Sister Giant was a conference that integrated politics, activism and spirituality, with its aim to create a “politics of love.”
It was hosted by author Marianne Williamson and Derrick Harkins, Sr., vice President of the Union Theological Seminary.
Sister Giant was dedicated to forging a deeper conversation about what is happening in America today – and what we can do to change it. The Conference brought together an illuminating mix of thinkers, who gathered to consider the state of our country on both spiritual and political levels. The gathering incubated ideas and contributed to plans by which each of us, particularly now, can help move America in a more enlightened direction.
It was a phenomenal event, one that has the potential to create a lasting movement that can change the hearts and minds of both America and the world. We are living in a special time in history, and through our passion, power and vision, we have the capability to create a more holistic, sustainable and enlightened world.
So that being said, I want to tell you about the top 10 takeaways I had from the conference.
- There is a massive groundswell of people who have awakened to what is going on in the U.S.: Over 1700 people came to this conference, from all over the U.S. and world. This was a passionate crowd, full of the desire to do something. And obviously, the crowd who came to this event is just one segment of people who feel the awakening that is taking place.
- It’s not enough to know this is not who we are: What is even more important is that we know what we want, that we envision what we want, and that ultimately, we put it into action. Politics is not passive – we have the ability to shape the conversation and policy.
- The Hindu Goddess Kali, the Goddess of death, destruction and resurrection, has come and taken America: Kali is the Dark Mother, the destroyer of worlds, oracle of holy change, the tenderhearted be-header, and it is she that won this country. In Hindu mythology, she is the destroyer of illusion and evil forces, and ultimately, the divine protector and the one who bestows moksha, or liberation. She is all this, and this is what has come to America – the force, the rage, the fierceness, and the compassion, of Kali.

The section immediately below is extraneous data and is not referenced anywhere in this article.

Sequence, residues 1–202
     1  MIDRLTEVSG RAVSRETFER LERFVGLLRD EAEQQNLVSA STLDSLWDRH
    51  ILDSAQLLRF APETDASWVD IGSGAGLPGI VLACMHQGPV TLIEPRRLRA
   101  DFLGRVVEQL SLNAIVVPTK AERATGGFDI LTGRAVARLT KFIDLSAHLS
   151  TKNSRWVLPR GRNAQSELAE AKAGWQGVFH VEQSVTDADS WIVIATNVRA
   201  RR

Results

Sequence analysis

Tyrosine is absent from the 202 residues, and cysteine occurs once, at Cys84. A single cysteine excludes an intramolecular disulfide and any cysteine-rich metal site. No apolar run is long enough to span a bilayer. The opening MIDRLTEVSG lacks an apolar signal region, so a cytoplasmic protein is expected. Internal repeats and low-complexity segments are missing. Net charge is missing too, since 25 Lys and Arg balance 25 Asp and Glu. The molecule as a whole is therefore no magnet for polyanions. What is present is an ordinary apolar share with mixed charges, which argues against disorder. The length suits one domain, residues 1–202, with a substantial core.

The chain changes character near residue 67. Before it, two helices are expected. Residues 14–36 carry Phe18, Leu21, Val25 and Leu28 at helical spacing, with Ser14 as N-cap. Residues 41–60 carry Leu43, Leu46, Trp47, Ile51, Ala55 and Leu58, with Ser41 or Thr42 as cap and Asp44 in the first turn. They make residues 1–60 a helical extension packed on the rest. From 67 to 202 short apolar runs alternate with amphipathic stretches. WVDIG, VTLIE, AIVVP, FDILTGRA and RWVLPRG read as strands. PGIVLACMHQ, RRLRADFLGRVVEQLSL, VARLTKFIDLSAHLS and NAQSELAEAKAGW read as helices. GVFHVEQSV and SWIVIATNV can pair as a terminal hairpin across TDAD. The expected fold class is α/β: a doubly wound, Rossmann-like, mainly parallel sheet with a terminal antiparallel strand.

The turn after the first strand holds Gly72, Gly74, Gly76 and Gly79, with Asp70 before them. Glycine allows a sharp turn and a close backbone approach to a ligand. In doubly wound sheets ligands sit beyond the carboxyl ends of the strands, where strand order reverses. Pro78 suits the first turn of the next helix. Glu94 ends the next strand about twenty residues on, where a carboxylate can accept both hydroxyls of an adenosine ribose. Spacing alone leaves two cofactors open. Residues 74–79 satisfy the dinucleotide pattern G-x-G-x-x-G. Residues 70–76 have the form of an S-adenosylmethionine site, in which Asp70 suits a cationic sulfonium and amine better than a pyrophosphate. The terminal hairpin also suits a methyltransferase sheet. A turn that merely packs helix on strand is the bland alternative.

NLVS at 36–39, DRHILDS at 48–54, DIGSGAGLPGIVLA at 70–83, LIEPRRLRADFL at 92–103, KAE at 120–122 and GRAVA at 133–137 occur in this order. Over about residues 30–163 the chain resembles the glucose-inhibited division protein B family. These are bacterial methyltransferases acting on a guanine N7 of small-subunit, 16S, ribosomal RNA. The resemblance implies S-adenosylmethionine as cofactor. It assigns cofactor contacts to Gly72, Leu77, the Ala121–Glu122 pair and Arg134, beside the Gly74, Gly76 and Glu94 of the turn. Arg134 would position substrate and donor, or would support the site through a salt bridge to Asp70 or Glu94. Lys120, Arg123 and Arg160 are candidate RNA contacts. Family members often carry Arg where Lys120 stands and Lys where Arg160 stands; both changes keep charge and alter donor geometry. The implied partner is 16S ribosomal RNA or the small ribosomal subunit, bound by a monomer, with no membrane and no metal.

- We cannot be filled with hate: Even if it’s hate against injustice. Instead we have to move forward with love, and with happiness. Conservatives are miserable, and want everyone to share in their misery. Instead, we need to shower them with happiness.
- Being enlightened means being in service to others, not being better or holier than anyone: Many people who pursue their own path of transformation get caught up in their own process, and think that makes them superior to those who know nothing about this realm. We are all in this together, and people desire others who want to be with them, not above them. As the saying goes, a rising tide lifts all boats.
- Being a political activist can be as simple as contacting your representatives: All it takes to be an activist is devoting one hour a week and five minutes a day to some sort of action, it’s that plain and simple.
- Separation is a human construct: We are born with the spirit of connection, with the desire to share the human experience. But then we become divided – into countries, nationalities, religions, political domains, economic classes, and more. Divisiveness is a tool used by demagogues to separate us and remove our common bonds.
- Hate and divisiveness coming out of churches is theological malpractice and heresy: The Christian gospel is to love thy neighbor and do unto others as you want done unto you. Yet many church leaders speak words of hatred and intolerance, words that divide us. The message of Jesus was that all of us, all of God’s brothers and sisters, must unite in love.
- It’s not the economy that is first and foremost on people’s minds: What people want first and foremost is to be respected and heard; and to have a sense of purpose and meaning. People feel disconnected, displaced, disrespected and disempowered; they want to know that there are people who care about them.
- There is a tremendous concentration of wealth and power in the hands of a few: This is the biggest threat to democracy, and it is what needs to be addressed more than anything.
In another article, I’ll come back with another 10 takeaways I had from the Sister Giant conference.
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